Illinois Subway Forced Its Workers to Submit Fingerprints, an Alleged Violation of BIPA Law
In a proposed class action lawsuit, it is claimed that Illinois Subway employees under Doctor’s Assocaites franchise have been forced to scan their fingerprints into the company’s point-of-sale (POS) system before receiving disclosures or expressly consenting to the acquisition of their sensitive biometric data.
Mariel Ronquillo v. Doctor’s Associates, LLC
The Subway & Doctor’s Associates BIPA Class Action Lawsuit says that Doctor’s Associates, LLC — the American franchisor of Subway sandwich restaurants — and HP Inc., which supplies the chain’s POS equipment and software, violated the Illinois Biometric Information Privacy Act (BIPA). This state law regulates private businesses’ use of people’s biometrics, such as fingerprints.
Moreover, the defendants have demanded Subway employees to scan their fingerprints to access registers and time in and out of Subway’s system without complying with the BIPA’s strict requirements.
More precisely, the lawsuit contends that Subway employees were not informed about how their biometric data will be used or retained and that the defendants did not get their written agreement to capture and utilize their fingerprint data.
According to the lawsuit, the BIPA has long been in practice in Illinois for eight years at the start of the timeframe covered in the case, i.e., June 7, 2016.
It is claimed that BIPA was well-known during the class period, and its obligations were apparent.
Biometric Scanner Mandated Without Proper Explanation
According to the Subway & Doctor’s Associates BIPA Class Action Lawsuit, Doctor’s Associates mandates Subway franchisees to use HP POS equipment and technology in their restaurants as a part of its franchise operations. According to HP, the system has an integrated biometric scanner that enables employees to scan their fingerprints to access registers and time in and out for shifts and breaks.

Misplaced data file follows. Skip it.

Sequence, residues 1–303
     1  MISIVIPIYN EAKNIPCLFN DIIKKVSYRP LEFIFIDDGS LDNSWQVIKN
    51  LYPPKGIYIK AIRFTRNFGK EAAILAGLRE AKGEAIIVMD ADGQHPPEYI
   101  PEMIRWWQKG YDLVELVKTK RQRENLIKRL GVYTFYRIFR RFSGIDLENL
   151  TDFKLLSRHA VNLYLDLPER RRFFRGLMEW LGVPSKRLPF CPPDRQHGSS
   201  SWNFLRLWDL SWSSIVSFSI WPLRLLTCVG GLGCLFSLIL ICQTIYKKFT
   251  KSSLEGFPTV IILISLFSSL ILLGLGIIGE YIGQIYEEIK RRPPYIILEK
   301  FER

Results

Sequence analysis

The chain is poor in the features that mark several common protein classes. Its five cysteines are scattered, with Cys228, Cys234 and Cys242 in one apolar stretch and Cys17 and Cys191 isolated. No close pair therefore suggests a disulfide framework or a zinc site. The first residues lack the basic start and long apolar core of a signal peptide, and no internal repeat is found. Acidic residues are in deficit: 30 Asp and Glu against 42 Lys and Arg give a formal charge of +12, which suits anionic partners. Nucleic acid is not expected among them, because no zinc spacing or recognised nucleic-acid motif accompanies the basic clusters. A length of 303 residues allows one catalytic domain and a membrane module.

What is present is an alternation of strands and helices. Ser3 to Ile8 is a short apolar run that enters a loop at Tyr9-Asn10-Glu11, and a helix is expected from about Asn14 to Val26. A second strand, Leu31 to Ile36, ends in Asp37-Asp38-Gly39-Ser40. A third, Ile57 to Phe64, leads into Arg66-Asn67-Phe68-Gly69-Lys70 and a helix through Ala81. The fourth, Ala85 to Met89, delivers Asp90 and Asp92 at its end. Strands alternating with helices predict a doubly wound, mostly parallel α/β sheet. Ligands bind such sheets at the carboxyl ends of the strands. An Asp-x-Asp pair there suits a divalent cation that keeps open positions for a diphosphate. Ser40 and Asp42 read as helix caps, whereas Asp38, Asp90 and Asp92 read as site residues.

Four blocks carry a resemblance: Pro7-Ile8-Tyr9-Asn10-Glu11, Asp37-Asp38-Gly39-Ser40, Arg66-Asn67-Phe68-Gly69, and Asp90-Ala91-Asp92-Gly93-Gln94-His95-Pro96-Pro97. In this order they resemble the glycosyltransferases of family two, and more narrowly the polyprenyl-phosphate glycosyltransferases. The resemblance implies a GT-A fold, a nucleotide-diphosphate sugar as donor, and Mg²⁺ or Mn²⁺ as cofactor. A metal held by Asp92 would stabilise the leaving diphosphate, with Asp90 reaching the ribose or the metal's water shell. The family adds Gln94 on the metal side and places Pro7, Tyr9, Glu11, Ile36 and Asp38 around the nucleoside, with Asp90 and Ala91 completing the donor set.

When a worker initially activates the system, HP’s equipment collects their fingerprint and creates a reference template, which is then stored in a database with the worker’s identifying information. Moreover, according to the lawsuit, each time the employee scans their fingerprint, the system then compares the scan to the reference template and detects the user.
However, the Subway & Doctor’s Associates BIPA Class Action Lawsuit contends that the defendants failed to properly explain the Biometric System to its workers as required by the BIPA prior to scanning and storing the biometric information. Additionally, the lawsuit alleges that employees were not informed about the duration of data retention in the POS system and did not consent to the defendant’s collection, use, as well as storage of the information.
The complaint seeks to include anyone whose fingerprint reference template was kept on a biometric system at a Subway fast-food restaurant in Illinois on or after June 7, 2016. It also looks to cover those whose fingerprint reference template was saved on an HP POS system in Illinois.
Editor’s Note on Subway & Doctor’s Associates BIPA Class Action Lawsuit:
This article is written to inform you of the class action lawsuit filed against Doctor’s Associates, LLC, a franchisor of Subway, over its alleged violation of Illinois’ state law. There is another similar lawsuit known as McDonald’s BIPA Class Action 2021.
Case Name & No.: Mariel Ronquillo v. Doctor’s Associates, LLC, Case No. 1:21-cv-04903
Jurisdiction: U.S. District Court Northern District of Illinois Eastern Division
Products/Services: Staff’s private data
Allegations: Illinois Subway workers were allegedly mandated to scan their fingerprints to the fast-food restaurant’s point of sale system, a violation of BIPA
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